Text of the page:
08-23-2013 12:45 PM - edited 08-23-2013 12:47 PM
Solved! Go to Solution.
08-23-2013 01:41 PM
I trust you have verified that the flash fully powers up and you get the red pilot lamp showing it's ready to fire.
On your 60D menu system, if you find the "Flash control" option, you can make sure you haven't set the external speedlite to "disable" -- although I think in that mode you wouldn't get the message you're describing. i.e. I doubt this is it but you may as well double-check.
A more common reason for failure is that the flash camera can't fully communicate with the flash. This is usually because of a bad connection in the "foot" of the flash.
The flash needs to be fully seated in the hot-shoe rails. Make sure the lock level is released, slide the flash fully into the hot-shoe rails until it stops. Engage the lock on the foot so it's held securely (it will will slide to the right and then click-to-snap (you have to press the tiny button to release the lock lever). This doesn't *just* snug the foot... it also drops a tiny metal locking pin into a small hole in the hot shoe so that the flash cannot slide out.
At that point, the "foot" of the flash is actually the "ground" connection and it's in contact with the metal rails of the hot-shoe AND all five of the contacts on the foot should be in contact with the camera.
This assumes there's nothing wrong with the flash -- and there could be something wrong with it. So if you're confident you've fully seated the flash, then remove the flash and inspect the "foot" on the flash.
The metal plate on the foot of the flash should be solid... if you use your fingers and attempt to wiggle it (don't use heavy force... we don't want to break it -- just grasp it firmly and see if it will wiggle at all) it should not move. If it does move it means that the foot has come loose and is not secured to the flash body (there are four very tiny screws which hold it securely but they can only be accessed from the inside of the flash.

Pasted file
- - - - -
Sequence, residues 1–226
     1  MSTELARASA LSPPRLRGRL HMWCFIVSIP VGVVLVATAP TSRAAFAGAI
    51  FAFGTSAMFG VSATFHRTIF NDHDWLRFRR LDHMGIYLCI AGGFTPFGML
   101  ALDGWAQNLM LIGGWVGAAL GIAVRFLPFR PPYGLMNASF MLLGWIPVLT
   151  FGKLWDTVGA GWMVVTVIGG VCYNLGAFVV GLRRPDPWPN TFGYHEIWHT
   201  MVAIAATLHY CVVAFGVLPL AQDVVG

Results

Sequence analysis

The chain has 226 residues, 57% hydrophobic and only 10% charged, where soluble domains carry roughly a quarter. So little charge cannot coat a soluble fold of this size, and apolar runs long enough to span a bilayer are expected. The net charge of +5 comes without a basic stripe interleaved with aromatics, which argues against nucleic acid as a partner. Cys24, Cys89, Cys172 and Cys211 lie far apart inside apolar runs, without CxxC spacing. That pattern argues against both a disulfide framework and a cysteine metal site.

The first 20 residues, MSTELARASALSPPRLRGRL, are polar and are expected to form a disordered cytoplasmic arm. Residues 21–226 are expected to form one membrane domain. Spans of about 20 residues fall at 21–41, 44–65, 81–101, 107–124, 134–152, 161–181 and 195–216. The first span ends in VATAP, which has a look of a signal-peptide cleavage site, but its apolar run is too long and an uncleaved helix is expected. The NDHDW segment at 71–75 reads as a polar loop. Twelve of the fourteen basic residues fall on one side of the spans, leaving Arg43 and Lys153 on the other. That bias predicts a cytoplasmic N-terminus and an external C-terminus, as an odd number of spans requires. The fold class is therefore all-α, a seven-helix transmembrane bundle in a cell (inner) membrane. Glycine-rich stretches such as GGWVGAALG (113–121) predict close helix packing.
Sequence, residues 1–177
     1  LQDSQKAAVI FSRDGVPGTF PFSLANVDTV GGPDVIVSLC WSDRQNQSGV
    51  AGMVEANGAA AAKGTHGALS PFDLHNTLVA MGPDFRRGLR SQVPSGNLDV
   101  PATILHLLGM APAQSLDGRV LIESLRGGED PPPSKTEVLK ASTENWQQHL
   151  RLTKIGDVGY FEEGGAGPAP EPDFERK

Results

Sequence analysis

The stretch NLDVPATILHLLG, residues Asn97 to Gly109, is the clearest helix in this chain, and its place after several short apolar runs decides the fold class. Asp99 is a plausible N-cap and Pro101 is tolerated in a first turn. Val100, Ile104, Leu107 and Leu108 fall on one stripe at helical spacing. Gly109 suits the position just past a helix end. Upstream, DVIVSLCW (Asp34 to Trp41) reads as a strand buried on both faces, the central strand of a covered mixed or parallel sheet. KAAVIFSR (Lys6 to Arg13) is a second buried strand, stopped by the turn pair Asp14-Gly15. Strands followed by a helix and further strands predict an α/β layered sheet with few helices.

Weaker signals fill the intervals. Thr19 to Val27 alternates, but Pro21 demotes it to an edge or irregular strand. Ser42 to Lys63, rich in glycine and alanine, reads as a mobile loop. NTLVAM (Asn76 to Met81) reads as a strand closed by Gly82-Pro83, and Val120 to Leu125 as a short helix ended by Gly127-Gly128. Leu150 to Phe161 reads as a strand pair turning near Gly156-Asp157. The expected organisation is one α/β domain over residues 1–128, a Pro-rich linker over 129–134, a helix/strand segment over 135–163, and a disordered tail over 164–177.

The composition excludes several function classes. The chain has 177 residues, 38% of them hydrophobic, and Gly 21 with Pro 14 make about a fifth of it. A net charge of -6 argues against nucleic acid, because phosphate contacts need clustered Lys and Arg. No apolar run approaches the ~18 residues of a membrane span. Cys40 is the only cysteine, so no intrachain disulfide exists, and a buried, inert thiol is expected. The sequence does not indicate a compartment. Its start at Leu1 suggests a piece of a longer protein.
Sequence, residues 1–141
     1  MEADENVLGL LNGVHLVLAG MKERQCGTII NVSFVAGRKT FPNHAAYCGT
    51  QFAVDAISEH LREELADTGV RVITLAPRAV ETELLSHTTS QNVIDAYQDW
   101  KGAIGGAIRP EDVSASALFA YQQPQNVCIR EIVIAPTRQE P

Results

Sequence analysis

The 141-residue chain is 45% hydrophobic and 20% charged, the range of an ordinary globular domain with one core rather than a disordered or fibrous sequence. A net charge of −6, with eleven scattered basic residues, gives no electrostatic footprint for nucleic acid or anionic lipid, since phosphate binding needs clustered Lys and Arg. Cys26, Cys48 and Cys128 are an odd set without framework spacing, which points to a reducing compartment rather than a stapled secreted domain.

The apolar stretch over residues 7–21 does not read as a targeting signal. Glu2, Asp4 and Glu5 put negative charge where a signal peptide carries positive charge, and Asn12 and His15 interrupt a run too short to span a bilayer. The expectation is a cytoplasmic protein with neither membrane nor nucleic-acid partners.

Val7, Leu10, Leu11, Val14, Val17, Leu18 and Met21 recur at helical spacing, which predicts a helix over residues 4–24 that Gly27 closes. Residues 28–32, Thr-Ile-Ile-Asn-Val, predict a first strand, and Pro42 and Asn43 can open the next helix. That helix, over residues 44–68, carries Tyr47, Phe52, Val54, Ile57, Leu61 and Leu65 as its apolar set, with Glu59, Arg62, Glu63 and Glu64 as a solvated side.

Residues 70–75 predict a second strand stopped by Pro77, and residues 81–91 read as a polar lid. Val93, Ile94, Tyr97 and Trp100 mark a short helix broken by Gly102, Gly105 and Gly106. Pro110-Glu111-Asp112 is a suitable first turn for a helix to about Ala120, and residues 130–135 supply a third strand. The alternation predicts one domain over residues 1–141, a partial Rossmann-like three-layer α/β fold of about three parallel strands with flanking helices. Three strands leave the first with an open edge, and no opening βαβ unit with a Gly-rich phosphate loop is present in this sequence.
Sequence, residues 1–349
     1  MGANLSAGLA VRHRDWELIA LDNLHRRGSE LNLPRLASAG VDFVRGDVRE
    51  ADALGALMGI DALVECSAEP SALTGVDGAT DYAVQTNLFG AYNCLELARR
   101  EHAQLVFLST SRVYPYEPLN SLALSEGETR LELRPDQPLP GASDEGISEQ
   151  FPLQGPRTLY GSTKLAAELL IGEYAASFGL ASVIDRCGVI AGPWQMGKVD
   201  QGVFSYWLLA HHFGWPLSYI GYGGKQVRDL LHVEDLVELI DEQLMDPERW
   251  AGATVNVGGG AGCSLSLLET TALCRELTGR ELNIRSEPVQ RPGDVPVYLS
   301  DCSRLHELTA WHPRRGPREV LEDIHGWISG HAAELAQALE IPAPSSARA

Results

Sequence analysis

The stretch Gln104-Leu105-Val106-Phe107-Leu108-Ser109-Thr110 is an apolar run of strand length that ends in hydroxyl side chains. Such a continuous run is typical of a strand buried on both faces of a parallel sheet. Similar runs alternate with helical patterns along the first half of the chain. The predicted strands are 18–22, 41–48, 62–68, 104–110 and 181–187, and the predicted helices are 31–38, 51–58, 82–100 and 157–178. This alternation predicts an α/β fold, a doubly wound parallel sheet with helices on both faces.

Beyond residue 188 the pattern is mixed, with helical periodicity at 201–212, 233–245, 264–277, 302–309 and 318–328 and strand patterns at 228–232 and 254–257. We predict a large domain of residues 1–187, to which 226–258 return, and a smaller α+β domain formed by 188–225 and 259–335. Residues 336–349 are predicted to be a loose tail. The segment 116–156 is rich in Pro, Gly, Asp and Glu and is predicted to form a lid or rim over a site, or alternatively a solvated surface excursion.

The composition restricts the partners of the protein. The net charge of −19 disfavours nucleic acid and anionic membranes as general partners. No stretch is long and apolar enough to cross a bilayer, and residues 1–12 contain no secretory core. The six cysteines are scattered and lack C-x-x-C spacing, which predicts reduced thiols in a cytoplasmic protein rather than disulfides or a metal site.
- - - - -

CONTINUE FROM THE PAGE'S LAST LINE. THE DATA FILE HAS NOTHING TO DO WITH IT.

Next... inspect the 5 metal pins on the foot of the flash. Each of these pins is spring-loaded so that they'll press against the 5 contact points in the camera hot-shoe. I have occasionally seen a spec of something (e.g. a bit of sand) get wedged in and "jam" a pin so that it it no longer makes contact with the contact on the hot-shoe. If you view the foot of the flash from an edge-on view, all the pins should spring back out to the same height. If one of them is recessed lower than the rest... it's jammed.
The 430EX II has a solid reputation as a work-horse flash. It tends to be among the more reliable flashes on failures are rare.
It's also possible that the problem is in the camera. An easy test of this is to try another speedlite (if you have one or if you have a friend who has one.) If it is your speedlite, and it's under warranty, then it's probably a simple remedy by Canon service.
If the flash is not under warranty and the problem is with the hot-shoe connection not being solid, then it's often an easy repair. If a foot were irreparably damaged, the entire foot can be replaced (the whole thing is a module) and it's an easy and I believe somewhat low-cost repair.
08-24-2013 04:31 AM
So far, I have had the same problem with my 430EX II on my old Power Shot G1, my Rebel, my S5 IS, and on my SX40 HS. It was exactly what Tim described above. Whereas the foot on my old 380EX slipped right into the shoes on all of those cameras, the foot on the 430EX II is a bit thicker or the contact pins do not retract as easily as it slides into the shoe, so I was not getting the foot all the way forward into the shoe, so I now have to pay particular attention to that when I mount the flash on the camera. I was only lacking about 1/16th of an inch, but that was enough to prevent contact.
08-24-2013 08:49 AM